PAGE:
The main attraction of Bushmills town is undoubtedly the Old Bushmills Distillery just 5 minutes from the site. We made sure to pay this a visit during our stay. Neither of us are big whiskey drinkers, but we can both appreciate a sip of the good stuff and the history of the place, so we took one of their tours around the distillery.
Also during our stay here, we treated ourselves to a special meal at the Tartine restaurant at the Distillers Arms in town. It’s award-winning so doesn’t need any recommendation from us, but just for the record it was an absolutely Fab-U-Lous night in every way! We’d return in a flash.
There were so many more attractions we visited while based in Bushmills, which we’ll cover in the next posts …
Jolly’s Northern Ireland jaunt began with a leisurely 4 hour evening drive up to Cairnryan, Stranraer in Scotland. We decided to kip overnight at the StenaLine terminal at a cost of £5 so that we had an easy, stress-free boarding for our early morning crossing over to Belfast the next day. We used the reception facilities, open between about 6am-10pm. It was quite a noisy night on the car park with comings and goings at the port but we slept fine.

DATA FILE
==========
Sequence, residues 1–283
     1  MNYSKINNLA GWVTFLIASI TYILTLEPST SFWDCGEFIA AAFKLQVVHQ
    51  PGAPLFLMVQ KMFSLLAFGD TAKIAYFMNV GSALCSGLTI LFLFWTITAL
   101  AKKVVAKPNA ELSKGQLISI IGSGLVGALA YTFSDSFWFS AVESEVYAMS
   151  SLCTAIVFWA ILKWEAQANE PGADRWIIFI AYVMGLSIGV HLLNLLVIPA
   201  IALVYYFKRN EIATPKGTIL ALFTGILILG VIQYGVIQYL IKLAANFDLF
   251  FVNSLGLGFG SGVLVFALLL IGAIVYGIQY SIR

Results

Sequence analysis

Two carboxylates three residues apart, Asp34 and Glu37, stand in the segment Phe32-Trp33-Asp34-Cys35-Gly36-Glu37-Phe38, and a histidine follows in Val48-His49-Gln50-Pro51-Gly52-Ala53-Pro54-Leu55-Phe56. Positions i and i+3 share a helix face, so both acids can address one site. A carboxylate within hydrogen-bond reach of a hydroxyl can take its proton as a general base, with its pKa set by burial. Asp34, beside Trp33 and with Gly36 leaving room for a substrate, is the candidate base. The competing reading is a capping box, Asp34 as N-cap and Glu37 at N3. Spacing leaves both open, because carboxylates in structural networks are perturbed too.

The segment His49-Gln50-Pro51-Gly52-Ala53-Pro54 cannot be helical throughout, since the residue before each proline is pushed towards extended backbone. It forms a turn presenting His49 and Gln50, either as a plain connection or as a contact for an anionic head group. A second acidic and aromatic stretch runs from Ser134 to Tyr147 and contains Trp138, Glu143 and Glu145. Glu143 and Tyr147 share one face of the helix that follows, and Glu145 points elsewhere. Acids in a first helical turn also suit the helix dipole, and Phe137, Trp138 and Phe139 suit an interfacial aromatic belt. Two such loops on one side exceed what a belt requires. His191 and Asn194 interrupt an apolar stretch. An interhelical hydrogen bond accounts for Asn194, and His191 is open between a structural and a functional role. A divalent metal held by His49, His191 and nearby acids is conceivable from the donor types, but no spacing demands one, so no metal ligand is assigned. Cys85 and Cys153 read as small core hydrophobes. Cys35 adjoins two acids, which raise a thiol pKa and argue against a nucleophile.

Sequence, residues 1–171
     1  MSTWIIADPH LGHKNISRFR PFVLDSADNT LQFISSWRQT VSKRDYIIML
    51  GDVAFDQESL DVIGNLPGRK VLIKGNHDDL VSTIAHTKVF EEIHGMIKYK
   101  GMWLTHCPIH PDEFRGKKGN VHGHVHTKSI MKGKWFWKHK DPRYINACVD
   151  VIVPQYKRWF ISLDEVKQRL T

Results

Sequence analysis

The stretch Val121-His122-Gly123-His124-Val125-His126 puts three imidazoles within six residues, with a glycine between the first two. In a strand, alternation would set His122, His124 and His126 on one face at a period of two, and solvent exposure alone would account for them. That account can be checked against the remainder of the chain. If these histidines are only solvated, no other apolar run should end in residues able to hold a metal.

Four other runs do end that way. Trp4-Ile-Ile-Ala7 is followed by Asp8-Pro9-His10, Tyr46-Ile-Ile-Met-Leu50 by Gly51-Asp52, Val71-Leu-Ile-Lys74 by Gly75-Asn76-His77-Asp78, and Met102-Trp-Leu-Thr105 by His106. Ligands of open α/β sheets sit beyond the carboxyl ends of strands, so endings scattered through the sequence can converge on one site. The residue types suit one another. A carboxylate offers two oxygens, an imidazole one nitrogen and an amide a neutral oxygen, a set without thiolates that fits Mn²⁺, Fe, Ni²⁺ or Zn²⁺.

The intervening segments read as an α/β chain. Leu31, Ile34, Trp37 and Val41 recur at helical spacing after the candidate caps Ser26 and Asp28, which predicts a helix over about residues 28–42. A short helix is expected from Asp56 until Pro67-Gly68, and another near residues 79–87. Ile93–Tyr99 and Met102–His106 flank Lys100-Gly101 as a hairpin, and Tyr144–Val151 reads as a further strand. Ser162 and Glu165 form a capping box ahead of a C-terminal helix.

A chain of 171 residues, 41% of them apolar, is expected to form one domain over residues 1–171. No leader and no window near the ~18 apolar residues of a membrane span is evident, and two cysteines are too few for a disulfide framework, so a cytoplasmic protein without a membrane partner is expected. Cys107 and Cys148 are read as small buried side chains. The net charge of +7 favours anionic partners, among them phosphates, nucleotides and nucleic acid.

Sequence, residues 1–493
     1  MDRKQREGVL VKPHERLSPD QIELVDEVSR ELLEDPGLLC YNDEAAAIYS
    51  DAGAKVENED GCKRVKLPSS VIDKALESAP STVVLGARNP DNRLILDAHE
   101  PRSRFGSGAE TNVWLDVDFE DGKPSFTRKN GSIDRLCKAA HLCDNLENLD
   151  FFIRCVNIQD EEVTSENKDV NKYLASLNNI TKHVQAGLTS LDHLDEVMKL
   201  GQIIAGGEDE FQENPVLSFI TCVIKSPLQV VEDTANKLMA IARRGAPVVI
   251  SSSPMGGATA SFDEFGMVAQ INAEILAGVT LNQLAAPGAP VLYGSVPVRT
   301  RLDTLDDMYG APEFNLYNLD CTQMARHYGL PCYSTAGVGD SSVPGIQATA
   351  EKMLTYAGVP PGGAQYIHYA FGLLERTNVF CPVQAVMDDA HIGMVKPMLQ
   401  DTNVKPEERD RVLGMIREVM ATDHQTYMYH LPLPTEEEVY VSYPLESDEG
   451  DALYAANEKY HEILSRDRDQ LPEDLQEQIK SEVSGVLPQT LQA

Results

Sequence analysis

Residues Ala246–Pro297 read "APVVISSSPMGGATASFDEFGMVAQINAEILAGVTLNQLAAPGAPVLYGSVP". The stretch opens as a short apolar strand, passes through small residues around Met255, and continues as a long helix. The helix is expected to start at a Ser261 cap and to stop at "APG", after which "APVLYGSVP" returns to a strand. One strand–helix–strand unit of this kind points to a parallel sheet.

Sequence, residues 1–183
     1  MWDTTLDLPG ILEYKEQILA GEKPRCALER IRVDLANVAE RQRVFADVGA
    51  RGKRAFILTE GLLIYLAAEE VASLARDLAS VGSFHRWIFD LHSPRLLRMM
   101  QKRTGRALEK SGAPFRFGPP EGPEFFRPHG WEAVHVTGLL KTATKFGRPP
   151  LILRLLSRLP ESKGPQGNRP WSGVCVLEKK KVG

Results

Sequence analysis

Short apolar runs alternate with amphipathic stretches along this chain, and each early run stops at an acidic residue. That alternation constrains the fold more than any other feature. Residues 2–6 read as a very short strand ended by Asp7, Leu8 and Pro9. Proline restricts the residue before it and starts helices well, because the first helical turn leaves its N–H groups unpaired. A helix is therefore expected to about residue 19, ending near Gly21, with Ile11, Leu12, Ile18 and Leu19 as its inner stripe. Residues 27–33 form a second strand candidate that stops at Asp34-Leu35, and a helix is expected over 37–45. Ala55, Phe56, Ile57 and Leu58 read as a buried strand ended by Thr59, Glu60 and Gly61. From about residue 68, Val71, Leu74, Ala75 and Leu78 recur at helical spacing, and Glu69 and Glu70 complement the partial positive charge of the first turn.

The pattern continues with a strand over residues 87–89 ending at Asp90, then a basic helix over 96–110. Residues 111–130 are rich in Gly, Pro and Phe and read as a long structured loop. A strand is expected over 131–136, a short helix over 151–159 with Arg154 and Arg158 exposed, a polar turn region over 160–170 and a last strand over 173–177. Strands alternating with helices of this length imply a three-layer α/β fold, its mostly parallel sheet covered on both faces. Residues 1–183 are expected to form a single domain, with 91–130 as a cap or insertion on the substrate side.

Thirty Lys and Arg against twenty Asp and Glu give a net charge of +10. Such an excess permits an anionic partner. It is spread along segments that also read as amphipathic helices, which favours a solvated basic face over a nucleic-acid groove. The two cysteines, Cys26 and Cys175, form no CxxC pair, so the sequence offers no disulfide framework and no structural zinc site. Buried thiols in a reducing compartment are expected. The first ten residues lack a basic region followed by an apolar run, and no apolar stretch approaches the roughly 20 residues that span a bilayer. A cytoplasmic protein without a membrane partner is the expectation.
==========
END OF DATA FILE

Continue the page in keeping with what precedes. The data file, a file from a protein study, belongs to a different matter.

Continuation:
We’d pre-booked StenaLine Flexi E-tickets at a total cost of £243.90 for return travel for Jolly and us. This option guaranteed 100% refund on cancellations up to 24 hours before departure and 50% refund on cancellations up to 2 hours before departure. We needed this flexibility in case the trip didn’t go ahead because of other responsibilities. Fortunately though, our holiday proceeded as planned 😀.
The duration of this route is approx. 2.5 hours and they run 8 crossings a day, we’d booked outgoing: 07:30 hrs Tues 3rd Sept & Return: 11:30 hrs Tues 10th Sept, and check-in closed 30 mins before departure. The early morning crossing was very quiet compared to our return, but both ways ran on time and were very smooth crossings.
On arrival at Belfast port, we travelled up to the village of Bushmills on the north coast of County Antrim, which derives its name from the River Bush flowing through it and a large water mill built there in the 17th Century. We’d originally planned to take the quickest route there and stop off for brunch at McLarnon’s Ramble Inn on the A26. Instead though, we grabbed the opportunity of seeing as much of the dramatic coastline as we could by driving up the Coast Rd/Causeway Road (A2) through Carrickfergus, Magheramorne, and Larne, with short stops at Ballygally and Glenarm. It was definitely the right decision, giving us an immediate taster of Northern Ireland’s rugged charm.
We pulled in a little further up the coast in the picturesque harbour village of Carnlough which is situated at the foot of Glencloy, and had brunch at the Harbour Lights Cafe. It was a cosy cafe, good food, and we were lucky enough to get window table overlooking the little harbour.
With full n happy tums we then headed on up to our destination of Bushmills, knowing that the surrounding area has a helluva lot to offer the tourist. We couldn’t wait to experience it!
Here’s a short vid of this first part of our Jolly adventure 🙂